“Bob may know some of this on a level I don’t understand because he’s got all these guitars he can compare right next to each other. I don’t have 50 koa guitars I can swap at one time. I’ve seen curly koa that was amazing and I got great sustain out of it after building the guitar to the thickness that I prefer for the particular wood. I’ve been working with koa almost exclusively, and koa’s getting more costly and kind of competitive to buy. It’s becoming more and more popular and scarcer. It’s only a matter of time. The large factories make beautiful guitars with koa, and they use up a lot of it.”

Asked to explain the difference in tone between the Weissenborn hollownecks and the solidneck Konas, Hardin says, “The Kona has a little bit more of a guitar sound. It’s got about the same volume as far as the chamber size, but it doesn’t have the hollowneck – though some people call them ‘semi-hollow’ because it’s hollow to the seventh fret. When I play an original Kona with a 25” scale it kind of sounds like you could be playing a Roy Smeck or an Oahu or another standard guitar on your lap. The Konas had a really nice bracing pattern so I think they’re superior to some of the old student model Oahus, but it’s a similar tone. I really like bottleneck style on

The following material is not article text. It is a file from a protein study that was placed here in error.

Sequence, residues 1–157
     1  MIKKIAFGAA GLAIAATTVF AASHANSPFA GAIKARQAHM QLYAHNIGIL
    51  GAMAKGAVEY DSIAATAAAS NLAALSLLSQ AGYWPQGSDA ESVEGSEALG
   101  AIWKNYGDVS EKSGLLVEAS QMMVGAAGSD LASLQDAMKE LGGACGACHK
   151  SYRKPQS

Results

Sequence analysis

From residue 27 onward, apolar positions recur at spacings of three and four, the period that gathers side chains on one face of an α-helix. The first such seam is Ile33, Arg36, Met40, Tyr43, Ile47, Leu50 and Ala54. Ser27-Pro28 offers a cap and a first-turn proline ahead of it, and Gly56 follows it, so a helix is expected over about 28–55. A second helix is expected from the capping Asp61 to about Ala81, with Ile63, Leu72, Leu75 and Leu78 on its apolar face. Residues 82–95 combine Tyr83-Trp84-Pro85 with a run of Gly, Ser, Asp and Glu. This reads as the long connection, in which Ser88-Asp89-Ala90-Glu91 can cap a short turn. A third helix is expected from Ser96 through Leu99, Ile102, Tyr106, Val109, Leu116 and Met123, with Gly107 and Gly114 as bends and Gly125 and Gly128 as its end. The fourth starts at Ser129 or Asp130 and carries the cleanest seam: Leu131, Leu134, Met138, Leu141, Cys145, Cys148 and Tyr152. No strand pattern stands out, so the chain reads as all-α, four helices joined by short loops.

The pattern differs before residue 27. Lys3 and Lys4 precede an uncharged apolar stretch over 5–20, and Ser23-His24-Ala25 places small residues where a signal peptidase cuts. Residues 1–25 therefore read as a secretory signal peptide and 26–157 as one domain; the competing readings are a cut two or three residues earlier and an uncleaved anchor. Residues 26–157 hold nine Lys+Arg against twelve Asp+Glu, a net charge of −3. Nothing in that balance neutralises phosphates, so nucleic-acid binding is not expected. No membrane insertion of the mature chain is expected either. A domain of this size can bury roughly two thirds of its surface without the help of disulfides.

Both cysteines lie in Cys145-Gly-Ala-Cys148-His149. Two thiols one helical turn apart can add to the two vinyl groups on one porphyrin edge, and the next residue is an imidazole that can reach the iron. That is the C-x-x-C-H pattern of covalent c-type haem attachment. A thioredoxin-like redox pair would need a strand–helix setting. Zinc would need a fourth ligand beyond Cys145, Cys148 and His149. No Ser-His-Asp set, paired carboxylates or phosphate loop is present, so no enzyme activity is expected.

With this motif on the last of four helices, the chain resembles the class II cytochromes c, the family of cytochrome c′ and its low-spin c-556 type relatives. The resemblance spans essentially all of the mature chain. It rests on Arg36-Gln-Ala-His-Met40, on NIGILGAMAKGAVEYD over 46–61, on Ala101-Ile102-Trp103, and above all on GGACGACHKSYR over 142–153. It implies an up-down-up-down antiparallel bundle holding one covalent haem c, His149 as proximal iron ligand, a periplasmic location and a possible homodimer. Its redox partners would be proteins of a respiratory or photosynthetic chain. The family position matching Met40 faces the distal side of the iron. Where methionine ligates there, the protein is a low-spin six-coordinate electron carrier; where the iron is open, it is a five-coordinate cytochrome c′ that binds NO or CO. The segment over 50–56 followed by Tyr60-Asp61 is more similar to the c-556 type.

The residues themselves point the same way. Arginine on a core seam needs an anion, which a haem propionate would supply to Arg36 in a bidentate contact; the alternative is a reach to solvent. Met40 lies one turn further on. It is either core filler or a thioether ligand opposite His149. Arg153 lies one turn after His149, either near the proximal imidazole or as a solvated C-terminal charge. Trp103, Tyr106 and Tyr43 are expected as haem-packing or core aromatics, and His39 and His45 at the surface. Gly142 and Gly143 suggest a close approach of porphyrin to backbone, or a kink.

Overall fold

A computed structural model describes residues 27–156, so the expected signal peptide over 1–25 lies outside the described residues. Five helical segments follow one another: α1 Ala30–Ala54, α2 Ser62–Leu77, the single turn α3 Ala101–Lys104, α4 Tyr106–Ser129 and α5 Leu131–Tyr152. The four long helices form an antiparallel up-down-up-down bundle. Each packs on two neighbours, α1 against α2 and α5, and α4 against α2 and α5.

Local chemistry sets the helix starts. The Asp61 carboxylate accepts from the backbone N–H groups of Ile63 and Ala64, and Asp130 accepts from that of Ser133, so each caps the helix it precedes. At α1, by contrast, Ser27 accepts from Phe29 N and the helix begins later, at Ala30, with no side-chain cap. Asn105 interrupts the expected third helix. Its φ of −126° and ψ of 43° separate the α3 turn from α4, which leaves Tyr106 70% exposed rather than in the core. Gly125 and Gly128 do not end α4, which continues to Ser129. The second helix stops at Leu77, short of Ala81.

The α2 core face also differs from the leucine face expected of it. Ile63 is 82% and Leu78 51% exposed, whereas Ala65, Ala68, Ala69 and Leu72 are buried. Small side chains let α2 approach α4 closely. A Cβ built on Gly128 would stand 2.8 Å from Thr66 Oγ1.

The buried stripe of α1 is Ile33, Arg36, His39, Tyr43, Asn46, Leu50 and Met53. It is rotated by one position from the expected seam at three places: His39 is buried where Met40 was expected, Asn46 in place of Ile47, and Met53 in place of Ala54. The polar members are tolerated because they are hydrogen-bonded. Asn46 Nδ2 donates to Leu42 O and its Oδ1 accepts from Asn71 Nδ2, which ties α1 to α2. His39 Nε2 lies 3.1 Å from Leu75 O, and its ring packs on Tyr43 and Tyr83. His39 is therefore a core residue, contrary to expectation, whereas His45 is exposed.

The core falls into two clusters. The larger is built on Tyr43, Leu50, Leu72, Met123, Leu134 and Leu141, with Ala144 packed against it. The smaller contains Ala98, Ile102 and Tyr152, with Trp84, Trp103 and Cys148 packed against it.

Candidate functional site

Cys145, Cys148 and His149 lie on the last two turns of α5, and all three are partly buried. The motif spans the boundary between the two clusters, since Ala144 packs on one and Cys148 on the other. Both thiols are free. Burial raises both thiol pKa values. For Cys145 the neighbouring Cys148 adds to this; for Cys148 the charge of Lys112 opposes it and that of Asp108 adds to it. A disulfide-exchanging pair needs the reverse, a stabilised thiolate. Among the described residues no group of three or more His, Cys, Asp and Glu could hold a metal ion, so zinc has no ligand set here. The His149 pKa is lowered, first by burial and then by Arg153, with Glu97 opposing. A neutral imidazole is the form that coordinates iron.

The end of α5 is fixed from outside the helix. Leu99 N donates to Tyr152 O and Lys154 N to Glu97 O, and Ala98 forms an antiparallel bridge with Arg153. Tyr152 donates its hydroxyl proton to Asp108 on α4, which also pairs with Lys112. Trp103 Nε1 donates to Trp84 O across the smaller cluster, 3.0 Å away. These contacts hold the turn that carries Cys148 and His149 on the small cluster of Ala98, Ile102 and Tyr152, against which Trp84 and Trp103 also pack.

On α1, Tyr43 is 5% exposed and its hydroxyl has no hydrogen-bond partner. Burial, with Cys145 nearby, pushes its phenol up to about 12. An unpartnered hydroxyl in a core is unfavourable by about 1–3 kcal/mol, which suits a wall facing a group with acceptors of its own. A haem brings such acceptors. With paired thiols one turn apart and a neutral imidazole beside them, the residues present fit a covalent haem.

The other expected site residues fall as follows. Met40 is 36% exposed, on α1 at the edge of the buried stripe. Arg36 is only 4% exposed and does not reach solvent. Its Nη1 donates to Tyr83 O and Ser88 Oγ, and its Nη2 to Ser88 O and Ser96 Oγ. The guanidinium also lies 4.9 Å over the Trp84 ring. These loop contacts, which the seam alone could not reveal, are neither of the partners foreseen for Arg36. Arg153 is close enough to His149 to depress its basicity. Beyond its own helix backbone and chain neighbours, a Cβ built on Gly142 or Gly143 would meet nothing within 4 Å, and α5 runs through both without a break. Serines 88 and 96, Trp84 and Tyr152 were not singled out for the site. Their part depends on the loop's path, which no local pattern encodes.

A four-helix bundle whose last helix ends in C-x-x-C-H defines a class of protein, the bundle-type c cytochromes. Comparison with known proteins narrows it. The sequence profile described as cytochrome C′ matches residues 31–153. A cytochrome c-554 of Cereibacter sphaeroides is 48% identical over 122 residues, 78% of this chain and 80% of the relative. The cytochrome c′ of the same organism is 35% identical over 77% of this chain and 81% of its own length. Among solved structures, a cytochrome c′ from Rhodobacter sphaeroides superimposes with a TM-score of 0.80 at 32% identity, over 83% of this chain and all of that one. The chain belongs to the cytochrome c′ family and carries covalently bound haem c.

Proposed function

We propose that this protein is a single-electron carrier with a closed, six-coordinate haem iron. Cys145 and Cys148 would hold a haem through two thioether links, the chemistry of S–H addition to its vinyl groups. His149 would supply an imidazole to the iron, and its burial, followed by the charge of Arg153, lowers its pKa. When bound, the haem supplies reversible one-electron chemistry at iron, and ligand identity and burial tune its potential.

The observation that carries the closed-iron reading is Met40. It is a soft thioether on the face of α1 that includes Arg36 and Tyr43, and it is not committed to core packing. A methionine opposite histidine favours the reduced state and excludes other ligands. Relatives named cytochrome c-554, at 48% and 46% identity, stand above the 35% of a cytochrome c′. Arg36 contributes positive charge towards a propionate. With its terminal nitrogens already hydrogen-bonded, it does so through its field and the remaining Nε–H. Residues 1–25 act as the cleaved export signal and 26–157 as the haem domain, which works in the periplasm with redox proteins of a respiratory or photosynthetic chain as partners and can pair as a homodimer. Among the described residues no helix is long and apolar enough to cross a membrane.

a Kona. I think it sounds amazing. The first Kona I ever bought had four fishing lines as strings strung up like a ukulele. Man, the fretwork in those things was just horrendous, so I’m sure if they were playable, they weren’t a great Spanish guitar by any means. I don’t know why the Kona was produced. I think it might have been just to use smaller pieces of koa. The hollowneck is just its own animal. It’s like the difference between a tricone and a single cone. It’s got its own characteristics.”